RISK FACTORS: Black people more likely to be diagnosed with diabetes but new study says this can change
EVEN THOUGH black adults are more likely to develop diabetes than white adults, the increased risk is largely due to obesity and other risk factors that may be possible to change, a U.S. study suggests.
Researchers followed 4,251 black and white men and women starting when they were 18 to 30 years old; none of them had diabetes to start with. After an average follow-up of more than 24 years, 504 of the participants developed diabetes.
Compared to white women, black women were almost three times more likely to develop diabetes, researchers report in the Journal of the American Medical Association. Black men, meanwhile, had 67 percent higher odds of becoming diabetic than white men.
However, there was no longer a meaningful difference in diabetes risk between black and white people once researchers accounted for a variety of factors that can contribute to this disease including obesity, neighbourhood segregation and poverty levels, depression, education and employment.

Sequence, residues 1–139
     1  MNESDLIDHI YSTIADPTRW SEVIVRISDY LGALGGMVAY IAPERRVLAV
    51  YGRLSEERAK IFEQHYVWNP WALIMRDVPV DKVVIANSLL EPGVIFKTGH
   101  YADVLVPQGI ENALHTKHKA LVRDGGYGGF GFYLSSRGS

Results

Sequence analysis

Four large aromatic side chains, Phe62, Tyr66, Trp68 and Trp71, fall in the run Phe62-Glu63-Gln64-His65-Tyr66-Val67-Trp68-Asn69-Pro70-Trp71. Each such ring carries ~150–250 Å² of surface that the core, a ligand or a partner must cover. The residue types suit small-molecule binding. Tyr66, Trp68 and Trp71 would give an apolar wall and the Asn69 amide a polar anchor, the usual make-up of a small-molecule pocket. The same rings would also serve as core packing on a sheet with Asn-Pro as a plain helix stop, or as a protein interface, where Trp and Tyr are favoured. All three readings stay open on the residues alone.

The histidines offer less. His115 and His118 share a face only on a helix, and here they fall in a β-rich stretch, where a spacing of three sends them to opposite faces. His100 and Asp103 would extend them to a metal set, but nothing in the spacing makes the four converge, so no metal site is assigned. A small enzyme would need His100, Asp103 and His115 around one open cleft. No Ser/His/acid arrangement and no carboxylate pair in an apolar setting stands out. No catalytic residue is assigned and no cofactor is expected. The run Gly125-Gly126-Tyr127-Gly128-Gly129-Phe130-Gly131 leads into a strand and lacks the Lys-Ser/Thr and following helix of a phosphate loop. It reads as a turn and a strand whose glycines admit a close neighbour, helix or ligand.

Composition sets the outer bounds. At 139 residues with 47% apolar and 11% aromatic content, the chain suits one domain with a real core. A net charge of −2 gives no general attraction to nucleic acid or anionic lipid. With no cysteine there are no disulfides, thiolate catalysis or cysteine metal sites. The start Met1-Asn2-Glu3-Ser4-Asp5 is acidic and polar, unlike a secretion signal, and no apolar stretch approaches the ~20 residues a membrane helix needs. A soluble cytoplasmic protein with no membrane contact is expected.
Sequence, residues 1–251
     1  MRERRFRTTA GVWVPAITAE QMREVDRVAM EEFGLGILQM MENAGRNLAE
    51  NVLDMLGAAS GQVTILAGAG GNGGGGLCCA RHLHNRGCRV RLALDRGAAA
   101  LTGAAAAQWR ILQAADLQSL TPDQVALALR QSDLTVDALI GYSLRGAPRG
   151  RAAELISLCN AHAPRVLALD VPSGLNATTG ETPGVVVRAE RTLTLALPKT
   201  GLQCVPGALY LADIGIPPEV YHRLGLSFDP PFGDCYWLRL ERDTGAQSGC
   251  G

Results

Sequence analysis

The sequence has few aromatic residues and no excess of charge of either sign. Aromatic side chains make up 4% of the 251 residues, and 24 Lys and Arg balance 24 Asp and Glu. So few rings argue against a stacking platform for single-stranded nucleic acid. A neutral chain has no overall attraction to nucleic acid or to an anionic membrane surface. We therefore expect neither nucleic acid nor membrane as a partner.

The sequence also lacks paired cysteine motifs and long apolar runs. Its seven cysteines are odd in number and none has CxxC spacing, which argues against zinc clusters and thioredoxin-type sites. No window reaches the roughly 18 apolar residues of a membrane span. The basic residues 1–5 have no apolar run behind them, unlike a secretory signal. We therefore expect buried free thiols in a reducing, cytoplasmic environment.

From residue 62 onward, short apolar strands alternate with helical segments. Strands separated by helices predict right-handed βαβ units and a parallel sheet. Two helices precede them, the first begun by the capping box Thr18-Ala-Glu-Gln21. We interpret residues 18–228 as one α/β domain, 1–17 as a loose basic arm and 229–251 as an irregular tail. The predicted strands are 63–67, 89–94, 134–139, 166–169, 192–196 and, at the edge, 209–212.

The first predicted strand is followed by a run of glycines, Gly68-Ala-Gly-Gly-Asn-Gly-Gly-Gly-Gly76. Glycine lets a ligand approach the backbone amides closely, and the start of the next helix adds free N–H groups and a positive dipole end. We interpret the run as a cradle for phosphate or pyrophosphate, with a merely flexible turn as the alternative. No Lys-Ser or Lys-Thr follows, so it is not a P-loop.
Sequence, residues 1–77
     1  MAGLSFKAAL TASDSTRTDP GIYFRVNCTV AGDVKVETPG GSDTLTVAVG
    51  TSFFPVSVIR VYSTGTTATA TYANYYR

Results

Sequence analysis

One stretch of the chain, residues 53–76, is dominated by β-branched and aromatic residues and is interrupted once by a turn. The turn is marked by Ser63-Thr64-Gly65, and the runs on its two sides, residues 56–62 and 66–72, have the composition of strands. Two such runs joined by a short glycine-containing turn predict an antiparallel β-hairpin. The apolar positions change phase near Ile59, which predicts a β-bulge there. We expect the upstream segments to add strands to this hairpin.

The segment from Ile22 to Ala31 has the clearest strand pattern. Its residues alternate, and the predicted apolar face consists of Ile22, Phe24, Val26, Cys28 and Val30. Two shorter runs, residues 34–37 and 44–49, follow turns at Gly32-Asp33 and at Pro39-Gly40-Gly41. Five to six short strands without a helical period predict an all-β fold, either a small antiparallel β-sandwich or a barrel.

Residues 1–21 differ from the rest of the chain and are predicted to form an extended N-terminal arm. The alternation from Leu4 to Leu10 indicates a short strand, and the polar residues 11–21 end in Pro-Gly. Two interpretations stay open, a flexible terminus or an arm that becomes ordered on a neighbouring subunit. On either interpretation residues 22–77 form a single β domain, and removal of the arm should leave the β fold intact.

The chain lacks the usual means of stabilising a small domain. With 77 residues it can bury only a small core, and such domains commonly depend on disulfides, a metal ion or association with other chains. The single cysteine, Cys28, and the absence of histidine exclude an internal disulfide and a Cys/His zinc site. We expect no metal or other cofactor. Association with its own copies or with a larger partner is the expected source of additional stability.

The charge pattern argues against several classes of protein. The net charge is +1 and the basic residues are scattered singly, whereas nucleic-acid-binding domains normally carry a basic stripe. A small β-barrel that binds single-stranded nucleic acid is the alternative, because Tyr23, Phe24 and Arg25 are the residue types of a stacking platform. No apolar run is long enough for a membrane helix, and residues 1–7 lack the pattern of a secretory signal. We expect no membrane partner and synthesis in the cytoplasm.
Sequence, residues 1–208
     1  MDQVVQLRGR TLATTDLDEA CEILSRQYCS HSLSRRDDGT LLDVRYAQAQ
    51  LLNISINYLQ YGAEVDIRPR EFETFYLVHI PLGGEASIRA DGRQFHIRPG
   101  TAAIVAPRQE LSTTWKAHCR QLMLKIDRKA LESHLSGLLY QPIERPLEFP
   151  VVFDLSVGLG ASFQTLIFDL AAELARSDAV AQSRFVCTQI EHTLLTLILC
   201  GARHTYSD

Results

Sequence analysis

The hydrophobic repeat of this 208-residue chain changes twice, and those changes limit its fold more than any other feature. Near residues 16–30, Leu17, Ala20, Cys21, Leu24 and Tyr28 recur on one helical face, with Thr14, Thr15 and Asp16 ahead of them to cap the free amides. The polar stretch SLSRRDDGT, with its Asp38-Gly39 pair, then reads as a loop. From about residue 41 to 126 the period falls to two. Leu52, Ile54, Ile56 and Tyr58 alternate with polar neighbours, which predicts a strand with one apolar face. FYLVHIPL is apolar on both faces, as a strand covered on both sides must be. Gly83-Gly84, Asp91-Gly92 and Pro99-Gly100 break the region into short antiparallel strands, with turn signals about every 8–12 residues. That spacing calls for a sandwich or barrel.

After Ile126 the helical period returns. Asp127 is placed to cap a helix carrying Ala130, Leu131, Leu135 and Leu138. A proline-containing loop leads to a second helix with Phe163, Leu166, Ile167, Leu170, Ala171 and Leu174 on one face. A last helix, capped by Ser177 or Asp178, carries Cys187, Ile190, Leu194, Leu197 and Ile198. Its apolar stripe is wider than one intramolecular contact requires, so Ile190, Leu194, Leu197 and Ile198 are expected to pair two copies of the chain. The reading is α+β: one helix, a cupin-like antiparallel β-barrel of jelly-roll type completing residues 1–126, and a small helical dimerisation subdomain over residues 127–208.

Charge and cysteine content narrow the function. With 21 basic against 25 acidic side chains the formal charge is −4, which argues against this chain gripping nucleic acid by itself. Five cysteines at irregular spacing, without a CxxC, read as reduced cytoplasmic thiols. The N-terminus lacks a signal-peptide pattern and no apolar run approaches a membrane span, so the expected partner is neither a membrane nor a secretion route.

Lead study author Michael Bancks, a researcher at Northwestern University Feinberg School of Medicine in Chicago said: “Our work suggests that if we can eliminate these differences in traditional risk factors between blacks and whites then we can reduce the race disparities in the development of diabetes.”
However Bancks acknowledged this isn’t an easy fix.
“To eliminate the higher rate of diabetes, everybody needs to have access to healthy foods, safe spaces for physical activity and equal economic opportunity to have enough money to afford these things and live in communities that offer this,” he said.
“Prior research by our team has shown that black adults live in neighborhoods that have higher rates of poverty, fewer grocery stores and (fewer) safe places for physical activity,” Bancks added. “These neighborhood factors contribute directly to the health behaviors such as physical activity and diet that can lead to obesity and diabetes.”
At the start of the study, participants were about 25 years old on average, and white people were more likely to be married, employed full-time and have at least some college education.
During the study, 189 white people and 315 black people developed diabetes.
This translates into 86 cases of diabetes for every 1,000 white people, compared with 152 cases for every 1,000 black people.